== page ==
PSP: How can these errors be avoided?
Pronovost: Our system uses what we call our “three-legged stool,” which includes checklist, teamwork, and measurement. We need to standardize care with checklists and improve our culture and teamwork so that physicians, nurses, and staff work better together and make the patient the focus—not their egos. We also need to measure our results to make sure that recommended therapies are reaching patients and that our work is actually making the patients safer.
PSP: What are America’s hospitals doing to eliminate infections that cost the lives of patients?
Pronovost: We are in the process of taking our program to every state in the country. In hospitals where the program has been fully implemented, central line associated blood stream infections (CLABSI) have been all but eliminated. Hospitals that have only recently started the program are also seeing reductions.
Unfortunately, only 20% of our nation’s hospitals have signed up for the program. Many of the hospitals that have not signed up tell us they are already implementing programs to reduce infections. The problem is that they are not measuring infection rates so they don’t know if their rates have dropped and, frankly, they probably have not. Just using a checklist is no guarantee that infection rates will drop. You need teamwork and measurement. Until a junior nurse can question a senior physician and that conversation goes well, chances are that infection rates will remain high. If you don’t measure results, it’s like playing golf with a blindfold on—you will never improve.
PSP: In your book, you mention ways to change the statistics of medical errors, the culture of hospitals, and the day-to-day functions of physicians and nurses.
Pronovost: Checklists are important because we need to standardize care, especially for routine procedures for which research is clear on what to do and what not to do. Take CLABSIs, for example. The evidence is clear on how to prevent infection while inserting a central line, yet physicians don’t follow the correct procedures—they do it their own way and infections rates are high. We took all the evidence on CLABSIs and condensed it down to five easy steps that evidence showed were the most important and effective. We chose five because if you have too many steps clinicians won’t remember them.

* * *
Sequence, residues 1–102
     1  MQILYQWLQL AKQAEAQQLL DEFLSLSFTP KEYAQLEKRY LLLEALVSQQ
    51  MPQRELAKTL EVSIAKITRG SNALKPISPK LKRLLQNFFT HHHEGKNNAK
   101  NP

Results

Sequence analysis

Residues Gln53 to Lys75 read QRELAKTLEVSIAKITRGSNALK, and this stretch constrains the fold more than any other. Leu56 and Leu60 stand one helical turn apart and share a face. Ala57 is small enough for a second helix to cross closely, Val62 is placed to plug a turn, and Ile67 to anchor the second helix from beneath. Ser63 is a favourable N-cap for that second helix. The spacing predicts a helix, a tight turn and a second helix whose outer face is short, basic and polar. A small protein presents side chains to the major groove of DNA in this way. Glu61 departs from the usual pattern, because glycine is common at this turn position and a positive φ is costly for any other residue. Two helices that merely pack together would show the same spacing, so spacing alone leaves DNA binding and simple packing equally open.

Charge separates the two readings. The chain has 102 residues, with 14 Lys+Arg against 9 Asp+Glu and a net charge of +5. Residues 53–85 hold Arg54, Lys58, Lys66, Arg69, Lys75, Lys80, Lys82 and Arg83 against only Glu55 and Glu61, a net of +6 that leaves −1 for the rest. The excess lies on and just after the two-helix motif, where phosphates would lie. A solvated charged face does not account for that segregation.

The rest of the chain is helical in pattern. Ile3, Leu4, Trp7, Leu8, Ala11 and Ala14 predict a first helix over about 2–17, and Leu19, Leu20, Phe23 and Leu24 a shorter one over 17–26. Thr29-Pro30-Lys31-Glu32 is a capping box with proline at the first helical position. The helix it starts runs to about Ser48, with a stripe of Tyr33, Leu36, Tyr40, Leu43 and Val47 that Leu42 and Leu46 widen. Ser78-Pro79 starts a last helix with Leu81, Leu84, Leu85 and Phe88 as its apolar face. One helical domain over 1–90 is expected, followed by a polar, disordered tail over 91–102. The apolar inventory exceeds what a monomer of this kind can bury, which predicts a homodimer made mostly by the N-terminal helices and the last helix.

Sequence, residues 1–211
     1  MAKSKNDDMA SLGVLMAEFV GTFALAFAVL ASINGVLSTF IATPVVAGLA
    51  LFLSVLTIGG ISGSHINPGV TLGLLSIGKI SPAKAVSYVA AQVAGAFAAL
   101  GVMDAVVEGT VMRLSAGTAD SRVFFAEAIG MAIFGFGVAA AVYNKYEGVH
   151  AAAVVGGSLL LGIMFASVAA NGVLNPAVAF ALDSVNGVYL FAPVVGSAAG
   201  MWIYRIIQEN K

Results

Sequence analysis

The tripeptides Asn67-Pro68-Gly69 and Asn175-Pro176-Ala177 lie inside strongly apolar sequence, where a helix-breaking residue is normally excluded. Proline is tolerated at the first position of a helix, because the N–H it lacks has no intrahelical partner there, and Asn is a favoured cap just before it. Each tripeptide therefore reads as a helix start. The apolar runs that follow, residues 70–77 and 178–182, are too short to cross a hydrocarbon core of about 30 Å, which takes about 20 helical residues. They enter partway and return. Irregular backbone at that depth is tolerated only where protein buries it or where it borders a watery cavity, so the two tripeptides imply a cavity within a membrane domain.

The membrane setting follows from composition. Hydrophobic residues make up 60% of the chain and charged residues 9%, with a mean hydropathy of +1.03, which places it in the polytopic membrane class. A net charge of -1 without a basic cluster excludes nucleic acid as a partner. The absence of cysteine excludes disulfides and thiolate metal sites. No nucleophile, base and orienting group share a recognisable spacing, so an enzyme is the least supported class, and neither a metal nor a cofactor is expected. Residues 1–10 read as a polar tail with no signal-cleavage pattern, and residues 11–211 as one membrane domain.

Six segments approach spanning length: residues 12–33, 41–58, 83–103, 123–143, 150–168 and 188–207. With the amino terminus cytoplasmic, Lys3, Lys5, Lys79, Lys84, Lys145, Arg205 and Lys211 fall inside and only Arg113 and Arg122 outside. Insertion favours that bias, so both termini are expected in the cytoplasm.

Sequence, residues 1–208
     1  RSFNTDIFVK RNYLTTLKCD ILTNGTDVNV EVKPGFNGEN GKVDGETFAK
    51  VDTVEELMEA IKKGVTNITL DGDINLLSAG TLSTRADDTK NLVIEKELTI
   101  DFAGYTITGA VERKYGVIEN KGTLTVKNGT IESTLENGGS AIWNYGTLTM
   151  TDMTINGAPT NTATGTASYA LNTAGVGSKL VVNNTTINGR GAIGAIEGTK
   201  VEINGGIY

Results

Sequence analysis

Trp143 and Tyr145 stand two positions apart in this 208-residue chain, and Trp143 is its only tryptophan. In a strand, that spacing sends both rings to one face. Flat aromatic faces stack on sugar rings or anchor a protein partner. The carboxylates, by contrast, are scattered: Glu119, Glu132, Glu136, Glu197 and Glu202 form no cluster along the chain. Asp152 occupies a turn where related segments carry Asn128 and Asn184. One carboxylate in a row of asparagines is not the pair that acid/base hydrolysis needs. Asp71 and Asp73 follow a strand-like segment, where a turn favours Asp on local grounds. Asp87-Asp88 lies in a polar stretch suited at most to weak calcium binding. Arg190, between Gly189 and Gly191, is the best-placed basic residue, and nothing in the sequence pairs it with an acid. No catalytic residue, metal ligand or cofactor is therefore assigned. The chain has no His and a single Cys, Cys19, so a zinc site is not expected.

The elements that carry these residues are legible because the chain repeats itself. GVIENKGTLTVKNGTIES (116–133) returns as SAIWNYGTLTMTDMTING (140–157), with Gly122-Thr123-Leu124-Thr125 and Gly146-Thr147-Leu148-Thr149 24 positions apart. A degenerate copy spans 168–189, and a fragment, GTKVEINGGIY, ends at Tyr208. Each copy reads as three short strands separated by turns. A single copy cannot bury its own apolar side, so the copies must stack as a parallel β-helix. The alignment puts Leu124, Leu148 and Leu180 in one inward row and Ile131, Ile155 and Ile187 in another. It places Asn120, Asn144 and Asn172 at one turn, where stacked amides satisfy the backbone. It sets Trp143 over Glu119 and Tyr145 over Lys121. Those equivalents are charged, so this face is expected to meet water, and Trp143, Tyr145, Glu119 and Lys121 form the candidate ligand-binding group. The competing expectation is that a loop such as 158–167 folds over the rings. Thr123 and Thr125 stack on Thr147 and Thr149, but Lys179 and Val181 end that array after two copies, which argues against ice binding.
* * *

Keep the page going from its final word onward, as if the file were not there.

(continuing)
No matter how good your checklist is, if physicians and nurses don’t use it, it is worthless. Our CUSP program directly addresses the cultural barriers and problems that exist in medicine that often get in the way of patients receiving the care they need and deserve. Through education and teamwork building, we successfully changed this culture and were able to make sure that every central line was placed using all five steps of our checklist.
Finally, without measurement there is no way to know if your system is working. Measurement can help you fine-tune your program so that it is more effective. Measurement is a basic tenet of science. The FDA would never approve a drug unless it was tested and measured and the data was clear. Yet, in quality improvement programs measurement has been sorely lacking. Perhaps that is why many of these programs failed to improve patient safety. We view our work as science and, therefore, subject it to scientific rigors.
PSP: How can nurses help reduce infections in hospitals today?